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Message Posted: Tue, 29 Apr 2003 @ 13:48:26 GMT
As long as you don't drop the table and re-create it, the statistics (from the last time they were collected) will remain on the table. So if you don't have a *really* good reason to drop and create the table, then do a DELETE ALL from your table and then re-populate. Doing the DELETE ALL is just as quick as drop/create and you'll preserve the last statistics.
If you feel that dropping the table and re-creating the table is your best choice, don't forget to add the impact of re-collecting statistics to your decision. Dropping and re-creating can be pretty expensive when it comes to the total cost.
Sankar is right - on large tables you need to perform your collect statistics on purpose rather than using a simple strategy like performing the collects every time you load the table. When collecting statistics on large tables, it's the behaviour (or characteristics) of your data that drives the strategy for collect statistics. Collecting statistics at the table level is probably fine for small tables, but it's a bad approach for large tables.
When faced with large tables, I generally recommend that statistics only need to be collected when roughly 10% of the values in a column have changed. My background has largely been in retailing and so assuming a fully populated daily sales table (there are all kinds of exceptions to the following points, but they should give you the idea):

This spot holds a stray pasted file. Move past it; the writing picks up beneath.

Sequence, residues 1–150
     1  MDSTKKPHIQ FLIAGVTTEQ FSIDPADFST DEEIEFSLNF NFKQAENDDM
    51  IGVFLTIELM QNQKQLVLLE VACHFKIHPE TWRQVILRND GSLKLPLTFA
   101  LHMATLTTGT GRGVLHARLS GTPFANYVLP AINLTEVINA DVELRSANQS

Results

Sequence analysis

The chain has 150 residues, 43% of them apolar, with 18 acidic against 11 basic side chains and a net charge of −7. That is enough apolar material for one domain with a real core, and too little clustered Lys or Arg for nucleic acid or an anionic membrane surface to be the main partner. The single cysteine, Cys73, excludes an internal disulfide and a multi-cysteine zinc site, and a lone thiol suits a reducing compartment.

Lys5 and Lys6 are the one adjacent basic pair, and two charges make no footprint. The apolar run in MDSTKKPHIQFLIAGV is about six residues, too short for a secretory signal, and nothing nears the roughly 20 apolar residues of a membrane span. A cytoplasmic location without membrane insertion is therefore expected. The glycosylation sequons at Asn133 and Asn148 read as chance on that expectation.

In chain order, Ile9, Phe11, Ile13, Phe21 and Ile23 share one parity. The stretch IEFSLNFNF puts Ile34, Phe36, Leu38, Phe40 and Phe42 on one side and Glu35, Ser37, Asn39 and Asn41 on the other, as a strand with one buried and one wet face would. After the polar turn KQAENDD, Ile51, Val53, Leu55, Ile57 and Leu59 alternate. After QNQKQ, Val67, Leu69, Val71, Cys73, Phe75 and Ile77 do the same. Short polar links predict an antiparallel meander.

- The column DATE_SOLD only needs to have statistics collected once every 36 days if you keep history for a full year (10% of 365 days). If you have history of two years, then you can probably get by with doing a collect statistics on DATE_SOLD once every 73 days.
- The column UPC probably only needs to have statistics collected once a year (UPCs are relatively stable and so the frequency of collect statistics is driven by changes in the type of your inventory - how often do you change 10% of business from one thing to another?).
- The column STORE_NO only needs to be collected when 10% of your store locations have changed. If you've got a fast growing business, then you might need to do collects on this column once or twice a year. A slow growing business may only need the collects once every couple of years.
- If all the stores are pretty similar, then the distribution of values (high, low, median) for columns like QTY_SOLD are probably pretty consistent year after year and so you could probably make the collects very infrequent - maybe once or twice every couple of years.
- If your PI on the daily sales table consists of DATE_SOLD, UPC and STORE_NO, then it's probably the change in DATE_SOLD that governs how often you need to collect statistics on the PI.
Just a final point: 10% is a rule of thumb. Some situations might be more sensitive to data demographics. In other cases, you might be able to get away with 20% or more. You'll have to determine your situation empirically and 10% isn't a bad place to start.
OK, another final point: If you're in a situation where you absolutely can't collect statistics as needed, then you need to change your expectations of what the machine can do for you. If you have defined an environment where the parser/optimizer can't get the information it needs (via statistics) to build optimal work plans, then you've chosen to live with the fact that your work plans will always be problematic.
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